induced by donor?acceptor interactions was
observed in [(tert-C4H9)3PI][W(CO)4I3].[16] The
phosphonium moiety of 5 has been reported
previously as part of the salt [(CH3)3PCH(SiMe3)2][W(CO)3(h5-C5H5)];[17] however, no
X-ray crystal structure was obtained.
To get further insight into the reasons
behind the PC bond-breaking reactions, we
performed DFT calculations.[18] A comparison
of selected geometrical data of complexes 3, 4, 6,
and 8 can be taken from Table 1, and the DFT
structure of 6 is shown in Figure 2.
A brief look at the DFT structures and the
common range of PC single bonds[20] reveals
that all PC bond lengths of complexes 3, 4, and
6 are more in the upper region, thus pointing to
steric stress (Table 1). But nothing can be
concluded that could be used as a structurally
based prediction for the decomposition. On the
2007 Wiley-VCH Verlag GmbH & Co. KGaA, Weinheim
www.angewandte.org
2105
Communications
Table 2: Selected reaction free energies according to the DFT calculations.
Reactants
Figure 1. Displacement ellipsoid plot of one independent ion pair of
complex 5 (drawn at 50 % probability, hydrogen atoms except H1 are
omitted for clarity). Selected bond lengths [G] and angles [8]: P1-C1
1.779(5), P1-C11 1.787(5), P1-C12 1.781(5), P1-C13 1.783(5), W1-C1a
1.953(6), W1-C1b 2.022(6), W1-C1c 2.041(6), W1-C1d 2.009(5), W1-I1a
2.8752(4), W1-I1b 2.8575(4), W1-I1c 2.8717(4), C1a-O1a 1.167(6),
C1b-O1b 1.135(6), C1c-O1c 1.127(6), C1d-O1d 1.149(5); C1a-W1-C1c
74.2(2), C1a-W1-I1a 124.29(16), C1c-W1-I1a 161.52(14), I1b-W1-I1c
90.48(1), C1b-W1-I1c 74.87(14), C1b-W1-C1d 114.0(2), C1d-W1-I1b
76.44(14), C1c-W1-I1b 76.93(14).
1
2 +
1 +
1 +
1 +
2L2
3 +
2L3
2L3
3 +
MeI
MeI
MeI + PhMe
2 L MeI
+ 2 L MeI
MeI
MePh
!
!
!
!
!
!
!
!
!
!
Products
DG
[kJ mol1]
2 +
3
3 +
4 +
4 +
2L4
4 +
2L4
4 +
4 +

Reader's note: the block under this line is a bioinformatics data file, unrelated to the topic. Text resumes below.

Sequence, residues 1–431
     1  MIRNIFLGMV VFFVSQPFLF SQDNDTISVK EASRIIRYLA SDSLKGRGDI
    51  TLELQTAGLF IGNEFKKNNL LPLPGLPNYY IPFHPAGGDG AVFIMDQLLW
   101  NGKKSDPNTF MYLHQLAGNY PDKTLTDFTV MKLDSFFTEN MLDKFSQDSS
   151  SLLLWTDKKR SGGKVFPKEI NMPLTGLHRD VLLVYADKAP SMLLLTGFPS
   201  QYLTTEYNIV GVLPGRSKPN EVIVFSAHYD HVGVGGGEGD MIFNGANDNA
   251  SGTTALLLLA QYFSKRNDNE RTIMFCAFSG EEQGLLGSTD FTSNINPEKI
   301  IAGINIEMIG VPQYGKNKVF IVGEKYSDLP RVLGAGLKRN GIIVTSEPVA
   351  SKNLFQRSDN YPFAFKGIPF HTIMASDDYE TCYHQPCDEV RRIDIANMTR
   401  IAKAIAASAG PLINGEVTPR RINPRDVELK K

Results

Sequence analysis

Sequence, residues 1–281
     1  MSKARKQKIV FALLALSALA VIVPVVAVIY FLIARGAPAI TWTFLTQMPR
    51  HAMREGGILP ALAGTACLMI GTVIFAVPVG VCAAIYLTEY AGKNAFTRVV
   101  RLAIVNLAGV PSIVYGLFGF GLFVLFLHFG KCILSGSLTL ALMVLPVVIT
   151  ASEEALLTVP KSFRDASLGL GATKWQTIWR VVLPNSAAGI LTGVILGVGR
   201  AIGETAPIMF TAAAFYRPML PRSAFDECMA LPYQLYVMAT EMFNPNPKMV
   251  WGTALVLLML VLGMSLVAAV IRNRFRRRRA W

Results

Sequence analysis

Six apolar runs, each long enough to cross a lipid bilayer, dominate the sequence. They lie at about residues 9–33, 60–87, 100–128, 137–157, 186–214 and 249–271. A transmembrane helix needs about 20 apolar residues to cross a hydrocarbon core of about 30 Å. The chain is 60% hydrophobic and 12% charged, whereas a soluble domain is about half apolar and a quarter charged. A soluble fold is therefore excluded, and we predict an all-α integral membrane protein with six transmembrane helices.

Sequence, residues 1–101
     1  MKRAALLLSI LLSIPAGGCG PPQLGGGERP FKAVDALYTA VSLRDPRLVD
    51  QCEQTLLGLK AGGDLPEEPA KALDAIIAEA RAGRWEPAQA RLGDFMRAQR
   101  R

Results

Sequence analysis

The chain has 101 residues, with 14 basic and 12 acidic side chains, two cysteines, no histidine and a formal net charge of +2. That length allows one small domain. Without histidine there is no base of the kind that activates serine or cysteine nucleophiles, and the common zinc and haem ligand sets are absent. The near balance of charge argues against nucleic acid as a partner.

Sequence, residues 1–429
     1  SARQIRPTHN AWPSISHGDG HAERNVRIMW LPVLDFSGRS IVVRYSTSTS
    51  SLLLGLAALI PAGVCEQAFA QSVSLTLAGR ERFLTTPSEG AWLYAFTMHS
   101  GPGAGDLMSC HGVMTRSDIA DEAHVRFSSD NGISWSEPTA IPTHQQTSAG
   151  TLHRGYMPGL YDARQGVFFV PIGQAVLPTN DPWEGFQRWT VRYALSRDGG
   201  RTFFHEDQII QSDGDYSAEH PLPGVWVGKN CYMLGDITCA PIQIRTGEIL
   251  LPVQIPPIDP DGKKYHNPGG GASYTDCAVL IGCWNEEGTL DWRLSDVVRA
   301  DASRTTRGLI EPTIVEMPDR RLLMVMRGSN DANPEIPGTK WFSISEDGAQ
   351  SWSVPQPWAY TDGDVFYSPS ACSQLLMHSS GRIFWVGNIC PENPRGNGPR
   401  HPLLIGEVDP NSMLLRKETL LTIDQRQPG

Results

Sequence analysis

8
107
115
117
129
214
14
16
23
2
PhCN
PhCN
PhCN + PhEt
EtI + PhCN
+ 2 L PhCN + H2C=CH2
EtI
+ H2C=CH2
[(OC)5WP{CH(SiMe3)2}(Et)I]
EtPh
comparable probability, while formation of complex 4 from
3 by formal transfer of a carbene unit (CH2) onto either MeI
or the solvent (toluene) is accompanied by a considerably less
gain of energy. All attempts to locate transition states of an
intra- or intermolecular CH2 transfer have failed so far.
All the PC bond-forming and
1 [19]
[a]
bond-breaking
reactions at phosTable 1: Bond lengths [G] and compliance constants (COCO, in G mdyn ) of 3, 4, 6, and 8.
phorus
centers
presented
here are
[(OC)5WP(CH(SiMe3)2)R1R2]
highly
reminiscent
of
well-estab1
2
1
2
Compd
R
R
PCH(SiMe3)2
COCO
PR
COCO
PR
COCO
PW
lished MC bond-forming and
3
Me
I
1.863
0.443
1.851
0.380
2.558
0.876
2.573
-breaking reactions of coordina4
H
I
1.853
0.426
1.412
0.298
2.548
0.860
2.539
tively unsaturated transition-metal
6
CH2I
I
1.863
0.457
1.877
0.458
2.532
0.809
2.600
centers, that is, oxidative additions
=CH2
8
?
1.838
0.392
1.659
0.169
?
?
2.529
of CH3I[22] and CH2I2.[23] The DFT
[a] Calculated at the B3LYP/6-311g(d,p) level, LanL2DZ at W.[18]
calculations in combination with
compliance constants lend further
support to the view that PC
single-bond strengthening in conjunction with steric relief
seems to be one driving force for geminal bond activation/
cleavage processes. Although the fate of methylene and its
derivatives could not be detected, it is of special interest that
dehydroiodination[24] is strictly preferred over dediiodination
in the reaction of complex 1 and diiodomethane, which is in
marked contrast to reactions induced by metals, for example,
in the system Zn/CH2I2.[23]
Figure 2. DFT structure of complex 6.
other hand, PCR1 compliance constants show a clear trend of
bond strengths ranging from a PC double bond in complex 8
to a weak single bond in complex 6. In comparison with
complex 6 the stronger PMe bond of complex 3 is
accompanied by a weaker PI bond. Complex 6 has a long
IиииI separation (3.940 K), which is clearly beyond the sum of